The longer the lever, the more force can be detected. So if the rod is extremely long, you will feel the fish’s movement more easily.
If you really enjoy fighting with a fish, you’ll need a longer rod to savor the fight truly! You will feel the fish’s movement more easily and enjoy the catch that much more.
If you’re fishing with a child, they will need a smaller/shorter fishing rod because they don’t want to feel that much fight. Even if they do, they can’t handle it, so we start kiddos with a short rod for safety.
Breakdown on Length
Longer Rods are best suited for:
- Casting within longer distances
- Fishing with adults or people with taller height
- Fishing in large/open waters
- When your cast requires a two-handed swing
- If you’re using heavier bait instead of worms
- If you’re seeking to catch larger fish such as Salmon, Bass, etc.
- If you’re deep-sea fishing or dealing with less shallow water
- If you’re comfortable having less control over the line
- If you are more experienced in fishing
- If you want to feel more of the fish’s fight!
Shorter rods are best suited for:
- Casting within shorter distances
- Fishing with children or people with shorter height
- When you are tightly packed with trees, branches, and other threats that may tangle or break your line, you don’t have room for the long rod
- If you are on a riverbank, creek, canal, off a dock, or along a stream
- If you are fishing in shallower waters
- If you’re using petite bait for petite fish
- If you can cast with one hand and prefer this methodology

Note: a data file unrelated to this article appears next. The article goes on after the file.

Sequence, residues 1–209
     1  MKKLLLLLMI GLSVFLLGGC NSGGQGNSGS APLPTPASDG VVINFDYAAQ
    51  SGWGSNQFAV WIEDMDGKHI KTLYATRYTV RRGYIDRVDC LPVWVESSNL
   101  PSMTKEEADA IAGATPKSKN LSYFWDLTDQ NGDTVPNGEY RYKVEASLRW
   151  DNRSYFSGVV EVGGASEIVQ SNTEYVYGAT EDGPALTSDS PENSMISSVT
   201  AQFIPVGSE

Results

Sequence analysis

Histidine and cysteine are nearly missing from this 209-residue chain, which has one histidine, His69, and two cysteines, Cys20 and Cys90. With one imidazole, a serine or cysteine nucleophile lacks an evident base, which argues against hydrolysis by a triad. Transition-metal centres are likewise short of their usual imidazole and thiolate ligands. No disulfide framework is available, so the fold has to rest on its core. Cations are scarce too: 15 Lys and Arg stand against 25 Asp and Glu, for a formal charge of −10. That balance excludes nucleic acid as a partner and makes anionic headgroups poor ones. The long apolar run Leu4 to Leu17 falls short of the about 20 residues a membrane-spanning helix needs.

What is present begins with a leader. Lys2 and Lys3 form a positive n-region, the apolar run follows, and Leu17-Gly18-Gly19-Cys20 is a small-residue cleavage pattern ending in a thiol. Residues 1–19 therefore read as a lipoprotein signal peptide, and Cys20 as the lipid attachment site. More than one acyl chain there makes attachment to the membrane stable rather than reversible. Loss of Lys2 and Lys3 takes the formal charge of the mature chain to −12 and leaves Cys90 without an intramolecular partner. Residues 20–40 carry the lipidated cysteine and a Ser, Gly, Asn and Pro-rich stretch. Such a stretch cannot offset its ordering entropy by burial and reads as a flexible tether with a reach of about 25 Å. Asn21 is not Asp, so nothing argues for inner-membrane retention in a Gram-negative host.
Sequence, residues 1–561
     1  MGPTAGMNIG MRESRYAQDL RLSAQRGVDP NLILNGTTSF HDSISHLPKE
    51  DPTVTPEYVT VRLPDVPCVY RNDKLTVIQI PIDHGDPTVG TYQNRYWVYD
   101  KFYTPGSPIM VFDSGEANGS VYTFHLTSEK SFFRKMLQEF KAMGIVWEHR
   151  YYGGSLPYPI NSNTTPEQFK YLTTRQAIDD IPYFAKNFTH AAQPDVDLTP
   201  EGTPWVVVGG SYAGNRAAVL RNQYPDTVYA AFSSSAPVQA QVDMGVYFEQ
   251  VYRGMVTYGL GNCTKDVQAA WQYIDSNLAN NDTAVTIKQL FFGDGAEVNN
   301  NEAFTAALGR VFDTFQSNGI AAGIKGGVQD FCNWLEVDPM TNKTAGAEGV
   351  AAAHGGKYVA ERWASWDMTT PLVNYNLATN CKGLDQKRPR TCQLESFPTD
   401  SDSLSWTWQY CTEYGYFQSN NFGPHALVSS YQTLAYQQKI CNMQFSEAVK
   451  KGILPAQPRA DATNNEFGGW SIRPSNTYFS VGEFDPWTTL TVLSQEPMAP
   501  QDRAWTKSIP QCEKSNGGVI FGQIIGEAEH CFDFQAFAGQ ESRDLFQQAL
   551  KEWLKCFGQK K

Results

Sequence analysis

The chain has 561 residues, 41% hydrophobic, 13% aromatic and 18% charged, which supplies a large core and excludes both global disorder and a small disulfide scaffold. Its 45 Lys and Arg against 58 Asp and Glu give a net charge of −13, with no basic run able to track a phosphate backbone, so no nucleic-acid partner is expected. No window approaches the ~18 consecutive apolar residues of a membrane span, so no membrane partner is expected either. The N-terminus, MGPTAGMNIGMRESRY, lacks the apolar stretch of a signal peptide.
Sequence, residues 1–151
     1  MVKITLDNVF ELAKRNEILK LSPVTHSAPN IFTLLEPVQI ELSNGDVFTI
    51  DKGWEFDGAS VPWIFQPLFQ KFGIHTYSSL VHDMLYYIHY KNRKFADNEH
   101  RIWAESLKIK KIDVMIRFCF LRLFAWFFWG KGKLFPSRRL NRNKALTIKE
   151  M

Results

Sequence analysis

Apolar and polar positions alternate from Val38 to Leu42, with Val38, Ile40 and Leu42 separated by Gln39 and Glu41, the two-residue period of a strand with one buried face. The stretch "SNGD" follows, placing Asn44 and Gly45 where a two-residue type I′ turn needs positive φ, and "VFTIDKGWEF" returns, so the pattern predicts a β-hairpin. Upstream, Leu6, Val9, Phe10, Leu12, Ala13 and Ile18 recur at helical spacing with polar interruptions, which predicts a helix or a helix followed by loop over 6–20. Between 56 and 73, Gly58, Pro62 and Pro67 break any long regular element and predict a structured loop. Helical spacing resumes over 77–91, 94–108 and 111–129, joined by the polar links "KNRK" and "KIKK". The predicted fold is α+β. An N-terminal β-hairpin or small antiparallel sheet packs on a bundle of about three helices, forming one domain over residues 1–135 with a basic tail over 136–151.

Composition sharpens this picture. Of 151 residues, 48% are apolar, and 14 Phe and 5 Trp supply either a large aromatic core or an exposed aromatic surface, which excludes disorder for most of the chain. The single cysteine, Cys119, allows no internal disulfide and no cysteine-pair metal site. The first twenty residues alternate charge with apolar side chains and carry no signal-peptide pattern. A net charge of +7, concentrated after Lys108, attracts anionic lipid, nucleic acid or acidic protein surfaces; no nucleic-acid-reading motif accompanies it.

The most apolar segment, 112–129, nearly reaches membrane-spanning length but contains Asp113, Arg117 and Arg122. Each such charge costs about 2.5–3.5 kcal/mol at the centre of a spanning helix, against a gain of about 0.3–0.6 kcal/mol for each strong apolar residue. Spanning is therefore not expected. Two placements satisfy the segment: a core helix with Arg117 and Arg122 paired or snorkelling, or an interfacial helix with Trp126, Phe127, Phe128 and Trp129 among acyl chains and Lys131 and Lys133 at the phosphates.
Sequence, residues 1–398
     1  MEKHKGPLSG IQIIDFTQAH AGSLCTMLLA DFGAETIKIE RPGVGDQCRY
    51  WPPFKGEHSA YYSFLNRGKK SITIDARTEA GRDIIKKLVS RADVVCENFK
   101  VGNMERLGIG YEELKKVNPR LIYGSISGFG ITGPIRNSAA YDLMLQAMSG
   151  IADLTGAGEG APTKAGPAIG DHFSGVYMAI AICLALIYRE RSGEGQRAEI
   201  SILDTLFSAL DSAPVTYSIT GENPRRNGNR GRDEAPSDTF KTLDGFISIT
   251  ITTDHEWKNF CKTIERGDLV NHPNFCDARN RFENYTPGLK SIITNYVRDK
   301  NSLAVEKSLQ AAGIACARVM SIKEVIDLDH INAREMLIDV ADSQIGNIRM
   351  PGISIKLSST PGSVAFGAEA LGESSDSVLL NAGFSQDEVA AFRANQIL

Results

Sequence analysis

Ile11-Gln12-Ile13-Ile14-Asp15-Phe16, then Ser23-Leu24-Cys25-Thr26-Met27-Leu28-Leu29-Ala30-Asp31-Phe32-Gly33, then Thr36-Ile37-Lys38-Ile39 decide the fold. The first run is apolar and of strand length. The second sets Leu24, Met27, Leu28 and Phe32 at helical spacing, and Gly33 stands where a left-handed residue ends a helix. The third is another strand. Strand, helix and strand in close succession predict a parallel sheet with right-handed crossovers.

- If you like to have control while fighting the fish, you need close-combat and do not have a 10-foot rod between you and your catch. That will only get in your way when it’s a smaller fish and may hinder your ability to move fluidly in a less wide-open space.
A good rule of thumb for each is that:
- If you are inexperienced – start with a rod about 7-9-feet.
- If you are an expert, feel free to go over 10-feet with your rod selection.
- If you are freshwater fishing or along the bank, you’ll probably only require a 5-7-foot rod.
- If you’re ice-fishing, you’ll probably only require a 2-foot rod.
If you’re unsure, around 7-feet in length is a sweet spot for any environment of fishing.
The material you select for your fishing rod will, again, greatly depend on your purpose (freshwater, saltwater, bank fishing, or ice).
There aren’t a ton of options out there for materials, so your main possibilities will be:
- Fiberglass – tougher and more durable but also heavier. It can be more difficult to feel the fish biting on a fiberglass fishing rod, especially if the fish are small. The real perk with this type of fishing rod is that they are incredibly durable and resistant to breaking.
- Fiberglass will usually be cheaper and more mass-produced than graphite rods. The hang-up many have with the heavier thickness of fiberglass is that you can’t always sense the fish’s movement or tell when they have bit.
- Graphite – If you thoroughly enjoy the fight and combat with the fish, you may want Graphite simply because you will feel more of the fish’s movements. It can be more sensitive and less durable, but also more light-weight. This material is most popularly used for bass fishing and is preferred by anglers are advanced because they can detect the fish’s fight more easily with a lighter weight rod. Its sensitivity will create a more detectable line. With such a line, you will be better able to sense bites. The better you sense bites, the fewer bait the fish will swim away with!
- The sacrifice in selecting a graphite rod is that it will most likely break much sooner than the fiberglass, but it is cheaper (to help you soften that blow). Since it is more brittle, you’ll have to be careful if you are planning to take on the big fish because your rod might not be made for that purpose.
Breakdown on Materials
Some rules of thumb to guide you regarding material are: